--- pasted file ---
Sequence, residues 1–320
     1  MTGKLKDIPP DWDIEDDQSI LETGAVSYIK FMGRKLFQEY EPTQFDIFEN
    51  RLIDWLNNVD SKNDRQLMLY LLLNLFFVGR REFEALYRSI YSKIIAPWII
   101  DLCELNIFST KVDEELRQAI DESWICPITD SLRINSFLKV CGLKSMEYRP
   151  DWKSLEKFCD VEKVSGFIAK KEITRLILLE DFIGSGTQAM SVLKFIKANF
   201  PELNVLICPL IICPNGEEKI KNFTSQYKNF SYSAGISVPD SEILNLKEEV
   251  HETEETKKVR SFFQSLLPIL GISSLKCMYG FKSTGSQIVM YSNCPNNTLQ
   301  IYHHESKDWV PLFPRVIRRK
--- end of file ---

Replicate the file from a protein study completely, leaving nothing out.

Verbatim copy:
Sequence, residues 1–320
     1  MTGKLKDIPP DWDIEDDQSI LETGAVSYIK FMGRKLFQEY EPTQFDIFEN
    51  RLIDWLNNVD SKNDRQLMLY LLLNLFFVGR REFEALYRSI YSKIIAPWII
   101  DLCELNIFST KVDEELRQAI DESWICPITD SLRINSFLKV CGLKSMEYRP
   151  DWKSLEKFCD VEKVSGFIAK KEITRLILLE DFIGSGTQAM SVLKFIKANF
   201  PELNVLICPL IICPNGEEKI KNFTSQYKNF SYSAGISVPD SEILNLKEEV
   251  HETEETKKVR SFFQSLLPIL GISSLKCMYG FKSTGSQIVM YSNCPNNTLQ
   301  IYHHESKDWV PLFPRVIRRK